At the recent EULAR conference, I wasn't able to attend as many sessions as I would have liked due to the sessions running concurrently. One such session was on the Metabolic syndrome (MetS).
MetS is a disorder with components that include central obesity, elevated fasting glucose, hypertension, and/or dyslipidemia (see definition). This combination significantly increases the risk of major cardiovascular disease.
The very helpful EULAR app I reviewed (read review) contains the abstracts for that session so I read those & tried to summarize the take-home messages.
THE METABOLIC SYNDROME IN SLE (abstract SP0185 I. Bruce, Manchester, UK)
Cardiovascular (CVS) disease is excessive in SLE, leading to increased death and impaired function. This continues to be a problem almost 40 years after its first description.
A significant part of this is likely to be due to MetS being more common in patients with SLE. The high use of corticosteroid therapy in SLE contributes to this as does having active inflammatory disease.
Certain ethnic backgrounds seem particularly prone to MetS, most notably patients from Korean and Hispanic backgrounds.
Close attention to traditional CVS risk factors and the MetS should be a cornerstone of management. Disease should be suppressed as much as possible whilst using the lowest possible dose of steroid therapy. Patients should be treated with anti-malarial agents whenever possible.
THE METABOLIC SYNDROME: THE CROSSROAD BETWEEN RHEUMATOID ARTHRITIS (RA) & THE CARDIOVASCULAR RISK (abstract SP0186 G. Ferraccioli, Rome, Italy)
An analysis was performed on three cohorts of patients:
564 RA (346 with early RA & 218 with long standing RA with severe disease requiring biologic treatment),
452 SLE patients
296 SSc patients
This showed a high prevalence of MetS, 14% for SSc, 25-27% in the RA groups and 31% for SLE. Obesity was found in 10-13% of all patients.
The data for the RA patients was then presented. In early RA, MetS at baseline was not shown to influence the outcome but in those with long-standing RA, MetS led to a significantly lower change of achieving a good result with disease control.
In early RA, obesity did lead to significantly lower rates of remission (DAS or CDAI criteria) when the patients were followed up 12 months later. A higher percentage of obese and overweight early RA patients required anti-TNF treatment after 12 months of follow-up (28.1% of obese, 28.8% of overweight, 16.2% of normal weight).
In long-standing RA the predictors of not obtaining a good response at the 12th month of anti-TNF therapy included the presence of hyperglycemia and hypertension at baseline.
METABOLIC SYNDROME IN PATIENTS WITH PSORIATIC DISEASE (abstract SP0187 A.Ogdie, Philadelphia, USA)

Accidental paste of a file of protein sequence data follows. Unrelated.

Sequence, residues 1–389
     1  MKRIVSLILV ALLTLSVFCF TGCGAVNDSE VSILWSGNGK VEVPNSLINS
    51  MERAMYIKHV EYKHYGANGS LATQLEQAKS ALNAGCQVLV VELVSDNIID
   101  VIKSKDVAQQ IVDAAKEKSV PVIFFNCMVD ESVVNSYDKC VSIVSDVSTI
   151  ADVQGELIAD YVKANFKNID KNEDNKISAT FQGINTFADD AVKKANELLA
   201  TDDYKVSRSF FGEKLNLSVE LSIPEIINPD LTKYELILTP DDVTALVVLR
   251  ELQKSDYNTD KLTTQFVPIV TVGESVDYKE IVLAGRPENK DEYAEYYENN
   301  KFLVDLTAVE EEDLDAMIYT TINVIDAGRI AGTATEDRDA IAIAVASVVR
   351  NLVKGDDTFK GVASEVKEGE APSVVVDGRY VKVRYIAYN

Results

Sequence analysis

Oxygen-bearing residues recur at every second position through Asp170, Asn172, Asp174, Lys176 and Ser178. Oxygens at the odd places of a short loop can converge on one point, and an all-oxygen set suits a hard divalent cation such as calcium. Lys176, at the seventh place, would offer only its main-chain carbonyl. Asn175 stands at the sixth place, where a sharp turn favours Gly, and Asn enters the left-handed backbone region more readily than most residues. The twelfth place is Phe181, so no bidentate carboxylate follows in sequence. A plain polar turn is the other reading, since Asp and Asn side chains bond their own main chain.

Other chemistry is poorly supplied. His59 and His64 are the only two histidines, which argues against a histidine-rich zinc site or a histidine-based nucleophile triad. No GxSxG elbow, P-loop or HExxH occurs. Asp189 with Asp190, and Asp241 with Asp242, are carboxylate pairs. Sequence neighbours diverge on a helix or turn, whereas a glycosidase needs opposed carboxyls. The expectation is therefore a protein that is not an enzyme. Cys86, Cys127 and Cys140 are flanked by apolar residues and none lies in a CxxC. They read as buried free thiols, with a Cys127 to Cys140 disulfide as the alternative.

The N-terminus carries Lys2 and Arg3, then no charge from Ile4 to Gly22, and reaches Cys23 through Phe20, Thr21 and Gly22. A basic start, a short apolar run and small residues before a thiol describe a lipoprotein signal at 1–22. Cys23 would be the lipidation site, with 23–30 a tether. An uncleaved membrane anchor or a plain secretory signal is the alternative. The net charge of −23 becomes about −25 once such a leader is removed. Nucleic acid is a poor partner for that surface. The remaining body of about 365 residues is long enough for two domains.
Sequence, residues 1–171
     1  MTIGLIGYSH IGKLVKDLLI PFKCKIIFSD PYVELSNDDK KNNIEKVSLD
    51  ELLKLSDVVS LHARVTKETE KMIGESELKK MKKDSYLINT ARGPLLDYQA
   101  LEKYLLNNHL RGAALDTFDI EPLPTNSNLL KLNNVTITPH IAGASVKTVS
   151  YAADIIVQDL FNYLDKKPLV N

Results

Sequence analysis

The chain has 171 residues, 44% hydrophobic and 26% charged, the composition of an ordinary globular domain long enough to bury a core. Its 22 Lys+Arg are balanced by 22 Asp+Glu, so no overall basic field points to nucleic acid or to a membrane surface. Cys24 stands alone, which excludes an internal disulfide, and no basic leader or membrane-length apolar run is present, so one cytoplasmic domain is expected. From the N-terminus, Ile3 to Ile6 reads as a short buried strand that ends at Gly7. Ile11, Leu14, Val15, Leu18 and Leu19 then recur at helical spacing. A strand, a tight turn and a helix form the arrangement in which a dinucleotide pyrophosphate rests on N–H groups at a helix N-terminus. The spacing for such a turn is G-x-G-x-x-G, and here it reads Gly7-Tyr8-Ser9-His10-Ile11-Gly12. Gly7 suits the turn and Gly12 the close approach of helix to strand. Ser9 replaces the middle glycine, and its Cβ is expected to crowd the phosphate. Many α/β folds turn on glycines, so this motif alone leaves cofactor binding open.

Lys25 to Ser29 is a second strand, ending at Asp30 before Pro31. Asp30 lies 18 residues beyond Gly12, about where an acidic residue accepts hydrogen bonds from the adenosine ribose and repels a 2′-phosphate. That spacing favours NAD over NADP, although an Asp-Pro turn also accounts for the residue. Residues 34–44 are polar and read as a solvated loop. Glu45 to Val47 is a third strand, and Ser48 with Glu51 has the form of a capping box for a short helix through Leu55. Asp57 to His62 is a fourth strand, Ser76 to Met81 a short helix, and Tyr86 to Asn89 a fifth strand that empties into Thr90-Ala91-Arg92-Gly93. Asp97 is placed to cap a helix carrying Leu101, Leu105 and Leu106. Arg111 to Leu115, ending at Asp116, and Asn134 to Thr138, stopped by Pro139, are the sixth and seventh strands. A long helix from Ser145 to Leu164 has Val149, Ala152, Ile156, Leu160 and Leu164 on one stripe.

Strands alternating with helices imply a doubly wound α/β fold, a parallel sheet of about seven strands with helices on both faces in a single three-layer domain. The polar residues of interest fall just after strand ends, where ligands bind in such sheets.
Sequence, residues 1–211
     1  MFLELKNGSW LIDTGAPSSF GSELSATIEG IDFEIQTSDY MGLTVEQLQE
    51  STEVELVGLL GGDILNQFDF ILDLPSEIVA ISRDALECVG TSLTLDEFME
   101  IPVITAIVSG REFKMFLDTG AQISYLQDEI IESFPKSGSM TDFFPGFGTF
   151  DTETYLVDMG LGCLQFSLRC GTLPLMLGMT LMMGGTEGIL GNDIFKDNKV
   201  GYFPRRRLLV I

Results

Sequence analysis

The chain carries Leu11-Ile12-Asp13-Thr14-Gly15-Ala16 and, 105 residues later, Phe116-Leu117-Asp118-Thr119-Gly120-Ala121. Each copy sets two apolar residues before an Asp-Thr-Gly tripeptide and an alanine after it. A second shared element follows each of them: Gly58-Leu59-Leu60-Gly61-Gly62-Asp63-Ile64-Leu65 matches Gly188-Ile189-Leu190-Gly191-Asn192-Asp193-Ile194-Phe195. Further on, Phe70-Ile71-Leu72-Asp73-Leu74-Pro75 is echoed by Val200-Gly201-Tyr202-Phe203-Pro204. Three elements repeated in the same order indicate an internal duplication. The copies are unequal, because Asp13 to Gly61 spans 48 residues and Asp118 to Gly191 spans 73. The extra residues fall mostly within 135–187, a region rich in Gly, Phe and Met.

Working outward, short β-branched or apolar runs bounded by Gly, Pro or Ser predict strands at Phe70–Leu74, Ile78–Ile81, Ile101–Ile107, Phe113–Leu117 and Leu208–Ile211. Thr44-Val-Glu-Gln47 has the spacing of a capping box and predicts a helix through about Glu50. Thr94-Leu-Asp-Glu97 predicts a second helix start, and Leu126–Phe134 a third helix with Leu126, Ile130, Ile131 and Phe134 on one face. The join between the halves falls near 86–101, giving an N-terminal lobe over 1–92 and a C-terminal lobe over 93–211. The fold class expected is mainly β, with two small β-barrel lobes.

Higher levels of MetS are seen in Psoriasis & Psoriatic Arthritis patients compared to the general population. It's thought that this MetS partially explains the increased risk of CVS disease reported in patients with psoriatic disease.
Both psoriasis and obesity share increased levels of inflammatory cytokines which may promote insulin resistance, dyslipidemia and atherosclerosis.
INCIDENCE OF SEVERE KNEE & HIP OSTEOARTHRITIS (OA) IN RELATION TO THE METABOLIC SYNDROME & ITS COMPONENTS: A PROSPECTIVE COHORT STUDY (Abstract OP0311 S. M. Hussain et al, various institutions in Melbourne & Adelaide, Australia)
21,837 participants who had fasting blood lipids, anthropometric & blood pressure measurements during 2003-2007 were selected from the Melbourne Collaborative Cohort Study.
Of these, 685 participants who had severe knee OA & 580 who had severe hip OA requiring total joint replacement were identified.
Central obesity and hypertension were associated with increased risk of knee OA. Interestingly, the higher the number of components of the MetS, the higher the knee OA risk. Of note, this was independent of BMI.
No significant associations were observed for severe hip OA.
The findings suggest different causes of knee & hip OA. Management of MetS may reduce the risk of knee OA.
MetS is relevant to our patients. We rheumatologists discuss drug therapy readily but we do also need to become better at helping patients address this syndrome.
I think this emphasises the need for coordinated, multidisciplinary care such as BJC Health's Connected Care approach. Our dietitians & exercise physiologists are essential allies.
What do you think?Dr Irwin Lim is a rheumatologist and a director of BJC Health. You should follow him on twitter here. Arthritis requires an integrated approach. We call this, Connected Care. Contact us.